Davenport mayor defends city-owned casino plan


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Posted Online: April 16, 2013, 6:58 pm
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By Stephen Elliott, selliott@qconline.com
DAVENPORT -- Davenport Mayor Bill Gluba is not willing to fold the city's hand when it comes to owning a land-based casino.

"Absolutely not," Mayor Gluba said Monday.

"Give me $5 million a year for the city of Davenport exclusively, and maybe we'll bow out. Until then, we're still in the game." Davenport gets about $1.7 million per year from the Rhythm City Casino, which the city wants to buy.

Mayor Gluba said Davenport aldermen are expected to discuss a motion at tonight's city council meeting to invite the Riverboat Development Authority, the nonprofit group holding the casino gaming license, to a joint public meeting regarding casino proposals.

But the RDA already is politely saying thanks, but no thanks, to meeting with the city, at least for now.

In a Monday letter signed by RDA President Mary Ellen Chamberlin and RDA chairman Gary Mohr, the two told Mayor Gluba they feel it would be "inappropriate" and "premature" for the RDA to meet with the city to "further discuss any of the proposals that have the city ownership/financing as requirements."

The RDA letter reminds the city the RDA "publicly stated (on March 4) its desire to seek alternatives to a city-owned, financed casino. We also indicated that if the search did not identify willing private sector developers, operators and investors, we may come back to the various city proposals."

Mr. Mohr said Tuesday a small group of RDA members are reviewing proposals and inquiries from private developers.

"We're (RDA) trying to look at proposals that don't require city risk," Mr. Mohr said. "We (RDA) said we would look to alternative proposals from private developers and investors where city and taxpayer money were not going to be involved.

"We're doing what we said we're going to do."

Owned by Isle of Capri, the Rhythm City Casino in Davenport in recent years has been at the bottom of the revenue chart among the three Quad-Cities casinos. The RDA receives 4.1 percent of adjusted gross gaming revenue from the casino annually, which comes to about $2 million.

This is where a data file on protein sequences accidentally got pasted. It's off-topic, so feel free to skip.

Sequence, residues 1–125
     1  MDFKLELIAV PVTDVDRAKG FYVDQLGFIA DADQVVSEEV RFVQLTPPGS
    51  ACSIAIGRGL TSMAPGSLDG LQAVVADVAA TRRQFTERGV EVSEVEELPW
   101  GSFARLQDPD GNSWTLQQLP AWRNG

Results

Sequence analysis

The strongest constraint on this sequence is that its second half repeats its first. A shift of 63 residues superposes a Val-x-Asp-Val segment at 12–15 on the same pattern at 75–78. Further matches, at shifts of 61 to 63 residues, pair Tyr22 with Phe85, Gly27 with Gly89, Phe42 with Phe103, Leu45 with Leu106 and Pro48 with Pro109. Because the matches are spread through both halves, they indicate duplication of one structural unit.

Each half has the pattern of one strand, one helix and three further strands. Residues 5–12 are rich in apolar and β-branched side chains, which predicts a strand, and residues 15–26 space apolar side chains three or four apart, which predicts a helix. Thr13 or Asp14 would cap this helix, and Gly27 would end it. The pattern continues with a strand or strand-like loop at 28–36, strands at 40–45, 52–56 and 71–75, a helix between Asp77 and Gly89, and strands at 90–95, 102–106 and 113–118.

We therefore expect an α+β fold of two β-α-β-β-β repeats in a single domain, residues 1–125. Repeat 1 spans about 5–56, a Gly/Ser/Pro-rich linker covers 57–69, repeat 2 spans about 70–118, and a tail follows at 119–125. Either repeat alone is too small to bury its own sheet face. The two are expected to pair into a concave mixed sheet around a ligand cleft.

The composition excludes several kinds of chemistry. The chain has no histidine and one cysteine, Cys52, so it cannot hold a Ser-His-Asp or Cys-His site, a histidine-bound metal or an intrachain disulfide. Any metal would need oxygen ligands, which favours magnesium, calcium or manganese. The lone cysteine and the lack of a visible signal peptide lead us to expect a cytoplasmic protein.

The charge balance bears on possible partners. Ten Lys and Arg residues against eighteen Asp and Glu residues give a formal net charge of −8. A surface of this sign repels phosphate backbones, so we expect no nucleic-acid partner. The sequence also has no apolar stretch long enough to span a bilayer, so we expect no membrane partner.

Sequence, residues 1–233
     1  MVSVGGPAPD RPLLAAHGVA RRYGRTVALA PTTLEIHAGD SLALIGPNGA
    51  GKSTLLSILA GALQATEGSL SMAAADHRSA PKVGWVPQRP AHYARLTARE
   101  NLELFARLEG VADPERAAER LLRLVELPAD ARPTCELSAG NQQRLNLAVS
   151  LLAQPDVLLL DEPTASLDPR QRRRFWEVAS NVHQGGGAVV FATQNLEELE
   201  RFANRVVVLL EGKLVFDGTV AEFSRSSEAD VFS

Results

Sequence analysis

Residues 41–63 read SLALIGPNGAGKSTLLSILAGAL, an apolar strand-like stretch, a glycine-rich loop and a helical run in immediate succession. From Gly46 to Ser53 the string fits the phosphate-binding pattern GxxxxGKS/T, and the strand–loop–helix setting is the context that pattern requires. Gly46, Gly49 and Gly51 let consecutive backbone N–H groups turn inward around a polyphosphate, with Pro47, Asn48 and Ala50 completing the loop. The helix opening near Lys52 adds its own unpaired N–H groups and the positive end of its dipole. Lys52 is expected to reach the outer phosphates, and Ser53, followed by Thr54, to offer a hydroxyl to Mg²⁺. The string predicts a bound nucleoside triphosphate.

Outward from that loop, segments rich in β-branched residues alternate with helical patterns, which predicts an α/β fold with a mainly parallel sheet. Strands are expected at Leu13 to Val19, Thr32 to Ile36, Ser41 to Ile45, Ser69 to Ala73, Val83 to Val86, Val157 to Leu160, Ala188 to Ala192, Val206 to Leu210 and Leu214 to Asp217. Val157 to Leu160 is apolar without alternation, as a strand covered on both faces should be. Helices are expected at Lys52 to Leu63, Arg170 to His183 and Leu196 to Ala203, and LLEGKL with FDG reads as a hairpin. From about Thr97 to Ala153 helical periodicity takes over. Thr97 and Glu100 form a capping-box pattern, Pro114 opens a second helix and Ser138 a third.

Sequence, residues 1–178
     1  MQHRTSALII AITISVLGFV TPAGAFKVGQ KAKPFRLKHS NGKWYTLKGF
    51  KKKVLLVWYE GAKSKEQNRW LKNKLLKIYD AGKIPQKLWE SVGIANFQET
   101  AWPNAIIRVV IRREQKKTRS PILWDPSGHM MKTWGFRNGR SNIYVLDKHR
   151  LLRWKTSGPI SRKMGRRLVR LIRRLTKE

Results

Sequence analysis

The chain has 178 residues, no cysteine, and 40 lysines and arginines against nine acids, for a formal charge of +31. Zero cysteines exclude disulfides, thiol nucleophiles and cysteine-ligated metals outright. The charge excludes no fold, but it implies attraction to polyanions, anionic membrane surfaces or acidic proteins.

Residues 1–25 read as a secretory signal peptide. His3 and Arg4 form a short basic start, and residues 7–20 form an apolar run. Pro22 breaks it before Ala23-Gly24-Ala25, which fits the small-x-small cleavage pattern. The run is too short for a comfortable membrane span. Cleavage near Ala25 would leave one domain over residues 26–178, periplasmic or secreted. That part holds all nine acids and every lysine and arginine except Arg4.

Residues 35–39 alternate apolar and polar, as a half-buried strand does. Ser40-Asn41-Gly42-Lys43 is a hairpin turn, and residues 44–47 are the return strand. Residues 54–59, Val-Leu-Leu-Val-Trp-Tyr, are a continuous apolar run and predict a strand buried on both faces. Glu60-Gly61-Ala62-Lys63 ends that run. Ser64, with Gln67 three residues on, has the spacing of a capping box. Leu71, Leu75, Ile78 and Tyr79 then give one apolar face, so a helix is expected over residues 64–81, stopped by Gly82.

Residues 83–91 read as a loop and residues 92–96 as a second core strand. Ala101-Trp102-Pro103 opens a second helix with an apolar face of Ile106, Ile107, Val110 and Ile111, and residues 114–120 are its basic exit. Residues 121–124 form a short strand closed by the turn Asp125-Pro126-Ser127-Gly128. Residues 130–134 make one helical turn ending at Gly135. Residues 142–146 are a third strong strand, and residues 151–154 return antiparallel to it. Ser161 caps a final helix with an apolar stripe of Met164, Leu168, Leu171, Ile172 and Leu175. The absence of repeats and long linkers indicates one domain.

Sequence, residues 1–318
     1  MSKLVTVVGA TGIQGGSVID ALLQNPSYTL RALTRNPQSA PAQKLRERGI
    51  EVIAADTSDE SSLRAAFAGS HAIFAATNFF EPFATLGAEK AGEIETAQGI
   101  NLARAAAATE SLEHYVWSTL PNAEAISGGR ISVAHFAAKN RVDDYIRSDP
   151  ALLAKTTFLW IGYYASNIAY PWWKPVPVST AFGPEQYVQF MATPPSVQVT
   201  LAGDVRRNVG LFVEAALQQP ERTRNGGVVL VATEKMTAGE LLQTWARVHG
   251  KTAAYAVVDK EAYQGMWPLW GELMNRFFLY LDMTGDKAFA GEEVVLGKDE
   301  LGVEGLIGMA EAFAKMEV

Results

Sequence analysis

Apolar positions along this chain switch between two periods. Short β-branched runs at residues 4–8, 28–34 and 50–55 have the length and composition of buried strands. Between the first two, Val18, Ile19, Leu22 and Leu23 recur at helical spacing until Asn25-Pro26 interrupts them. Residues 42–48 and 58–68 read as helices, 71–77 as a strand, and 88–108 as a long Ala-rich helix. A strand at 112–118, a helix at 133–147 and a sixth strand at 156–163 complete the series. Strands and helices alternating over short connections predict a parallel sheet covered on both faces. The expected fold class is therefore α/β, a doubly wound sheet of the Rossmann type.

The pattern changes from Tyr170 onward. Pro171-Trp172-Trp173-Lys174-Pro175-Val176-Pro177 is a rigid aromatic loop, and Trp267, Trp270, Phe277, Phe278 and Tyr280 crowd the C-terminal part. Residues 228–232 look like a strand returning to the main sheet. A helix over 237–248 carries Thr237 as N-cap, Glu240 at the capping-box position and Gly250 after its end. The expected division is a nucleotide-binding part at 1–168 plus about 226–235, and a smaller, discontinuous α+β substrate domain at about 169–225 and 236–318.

The RDA disburses the money to nonprofit and civic projects. The city receives about $1.7 million annually from Rhythm City Casino's operations.

Both would like to receive much more.

In October, the city announced plans to purchase Rhythm City from IOC at a price ranging from $46 million to $51 million depending on the location of a new land-based casino.

The city received three proposals on Dec. 20 from would-be operators of a city-owned casino.

But on March 4, plans for a city-owned casino temporarily were shelved when the RDA decided to seek alternatives to a city-owned and financed casino.

Since then, the city has received three proposals: one a revamped proposal from Ingenus, along with proposals from Pollina Corporate Real Estate Inc., out of Park Ridge, and Peninsula Pacific, based out of California.

The city passed those proposals on to the RDA last month.

Of the three proposals, the city has determined Ingenus presents the best option for both the city and the RDA. Mayor Gluba said city staff and consultants have estimated the city would receive more than $8 million annually for 25 years under the Ingenus plan, and the RDA would receive more than $4 million.

Mayor Gluba acknowledged Monday there was criticism of the city owning a casino but defended the idea.

"We've crunched the numbers," Mayor Gluba said. "Unless something comes to my attention we haven't seen, it's clearly in the best interest of the community and the city to be owners of this thing.

"I want to give the RDA ample time. I respect they've got their role in all of this. They need to sit down and publicly look at these proposals. We've got all that firepower if they want to avail themselves of it.

"Hopefully, they will soon."























 



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